Welcome to the MySQL monitor.  Commands end with ; or g.
Your MySQL connection id is 38
Server version: 8.0.23 Source distribution

Let’s check the tables that are available in our employees database:

Mysql-green> use employees;

Database changed

mysql-green> show tables;
+———————-+
| Tables_in_employees  |
+———————-+
| current_dept_emp     |
| departments          |
| dept_emp             |
| dept_emp_latest_date |
| dept_manager         |
| employees            |
| salaries             |
| titles               |
+———————-+
8 rows in set (0.08 sec)

Apply schema changes in the Green environment

Rebuilding a table

Rebuilding a table helps optimize the underlying storage and reclaim the unused space lost due to fragmentation. This can not only reduce storage costs, but may also improve query performance.

In the following example, we are going to rebuild a table to reclaim the space lost due to fragmentation. We use the Blue cluster and the salaries table in the employees database that we loaded as a prerequisite.

Test-blue$ mysql -h aurora-db-cluster.cluster-cxxxxxxxxx.us-east-1.rds.amazonaws.com -u admin -p employees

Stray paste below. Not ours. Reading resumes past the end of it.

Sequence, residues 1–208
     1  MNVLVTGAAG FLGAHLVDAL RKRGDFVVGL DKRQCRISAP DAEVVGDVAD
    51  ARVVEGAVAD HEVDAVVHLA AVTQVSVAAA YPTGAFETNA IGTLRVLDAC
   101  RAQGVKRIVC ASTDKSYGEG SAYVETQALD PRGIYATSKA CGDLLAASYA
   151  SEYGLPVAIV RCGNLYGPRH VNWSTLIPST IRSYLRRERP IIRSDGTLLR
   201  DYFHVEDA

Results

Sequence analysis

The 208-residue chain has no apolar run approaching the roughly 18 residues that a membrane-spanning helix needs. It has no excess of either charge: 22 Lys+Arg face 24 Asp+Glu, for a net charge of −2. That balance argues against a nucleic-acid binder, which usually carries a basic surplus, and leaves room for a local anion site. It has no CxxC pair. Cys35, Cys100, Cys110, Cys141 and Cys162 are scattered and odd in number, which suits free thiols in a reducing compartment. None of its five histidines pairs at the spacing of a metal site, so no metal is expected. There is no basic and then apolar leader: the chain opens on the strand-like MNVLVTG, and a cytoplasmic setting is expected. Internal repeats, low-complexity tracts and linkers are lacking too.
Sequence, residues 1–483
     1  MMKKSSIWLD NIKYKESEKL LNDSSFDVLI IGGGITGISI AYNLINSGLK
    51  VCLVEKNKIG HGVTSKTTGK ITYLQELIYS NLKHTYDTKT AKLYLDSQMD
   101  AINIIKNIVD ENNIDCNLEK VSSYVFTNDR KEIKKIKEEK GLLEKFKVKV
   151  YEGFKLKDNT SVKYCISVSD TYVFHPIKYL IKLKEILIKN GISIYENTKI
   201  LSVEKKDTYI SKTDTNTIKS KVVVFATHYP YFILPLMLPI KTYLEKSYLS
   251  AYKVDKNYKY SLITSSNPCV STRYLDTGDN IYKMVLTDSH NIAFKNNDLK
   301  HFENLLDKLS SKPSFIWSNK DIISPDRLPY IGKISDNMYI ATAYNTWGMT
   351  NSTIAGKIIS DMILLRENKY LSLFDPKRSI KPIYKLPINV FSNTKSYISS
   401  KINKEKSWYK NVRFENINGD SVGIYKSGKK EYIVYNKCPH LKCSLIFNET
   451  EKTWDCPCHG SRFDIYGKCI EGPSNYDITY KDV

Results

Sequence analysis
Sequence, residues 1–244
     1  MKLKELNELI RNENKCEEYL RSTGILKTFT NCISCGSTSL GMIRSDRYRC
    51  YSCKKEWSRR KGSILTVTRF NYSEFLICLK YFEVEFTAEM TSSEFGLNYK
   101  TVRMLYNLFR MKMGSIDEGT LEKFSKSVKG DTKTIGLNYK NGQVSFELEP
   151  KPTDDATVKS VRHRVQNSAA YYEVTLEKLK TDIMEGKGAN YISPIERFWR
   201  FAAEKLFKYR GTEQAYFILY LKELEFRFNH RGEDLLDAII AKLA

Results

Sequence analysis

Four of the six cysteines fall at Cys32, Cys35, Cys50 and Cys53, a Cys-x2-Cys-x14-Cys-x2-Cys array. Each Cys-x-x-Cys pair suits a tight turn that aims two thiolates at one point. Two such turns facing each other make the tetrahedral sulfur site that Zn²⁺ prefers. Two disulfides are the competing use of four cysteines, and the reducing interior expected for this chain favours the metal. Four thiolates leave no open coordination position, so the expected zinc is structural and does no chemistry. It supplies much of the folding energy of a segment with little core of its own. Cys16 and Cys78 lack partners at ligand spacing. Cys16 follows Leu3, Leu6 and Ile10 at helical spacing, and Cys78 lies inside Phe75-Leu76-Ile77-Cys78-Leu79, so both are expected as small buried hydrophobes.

Enter password:
Server version: 8.0.26 Source distribution
Type ‘help;’ or ‘h’ for help. Type ‘c’ to clear the current input statement.

There are approximately 2.8 million rows in the salaries table and the space occupied by this table is approximately 95 MB.

Mysql-blue> select count(*) from salaries;

+———-+
| count(*) |
+———-+
| 2844047 |
+———-+
1 row in set (0.33 sec)

Let’s check the fragmented space for the table after updating statistics by running the ANALYZE TABLE command on salaries table.

Mysql-blue> analyze table salaries;

+——————–+———+———-+———-+
| Table | Op | Msg_type | Msg_text |
+——————–+———+———-+———-+
| employees.salaries | analyze | status | OK |
+——————–+———+———-+———-+

1 row in set (0.12 sec)

We see the DATAFREE is 4 MB by running the following SQL command.

Mysql-blue> SELECT
table_schema as ‘DATABASE’,
table_name as ‘TABLE’,
CONCAT(ROUND(( data_length + index_length ) / ( 1024 * 1024 ), 2), ‘M’) ‘TOTAL’,
CONCAT(ROUND(data_free / ( 1024 * 1024 ), 2), ‘M’) ‘DATAFREE’
FROM information_schema.TABLES
where table_schema=’employees’ and table_name=’salaries’;

+———–+———-+——–+———-+
| DATABASE | TABLE | TOTAL | DATAFREE |
+———–+———-+——–+———-+
| employees | salaries | 95.63M | 4.00M |
+———–+———-+——–+———-+
1 row in set (0.09 sec)

As the rebuild operation locks the table making it inaccessible to the user, we can run the rebuild operation on the salaries table in the Green environment, isolating it from the Blue environment.

After logging into the Green environment, run the following ALTER TABLE command to start the rebuild to reflect the actual size of the table. The duration of the rebuild will depend on the size of the table. The larger the table size, the longer the ALTER TABLE runs.